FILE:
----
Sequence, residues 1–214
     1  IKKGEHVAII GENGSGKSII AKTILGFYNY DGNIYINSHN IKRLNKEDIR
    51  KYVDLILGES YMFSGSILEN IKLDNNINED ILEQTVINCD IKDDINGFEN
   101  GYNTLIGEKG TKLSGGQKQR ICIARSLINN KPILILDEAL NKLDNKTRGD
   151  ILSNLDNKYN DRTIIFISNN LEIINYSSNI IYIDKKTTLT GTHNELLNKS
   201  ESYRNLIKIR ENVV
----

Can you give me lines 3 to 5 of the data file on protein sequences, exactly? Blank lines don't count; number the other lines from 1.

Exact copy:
    51  KYVDLILGES YMFSGSILEN IKLDNNINED ILEQTVINCD IKDDINGFEN
   101  GYNTLIGEKG TKLSGGQKQR ICIARSLINN KPILILDEAL NKLDNKTRGD
   151  ILSNLDNKYN DRTIIFISNN LEIINYSSNI IYIDKKTTLT GTHNELLNKS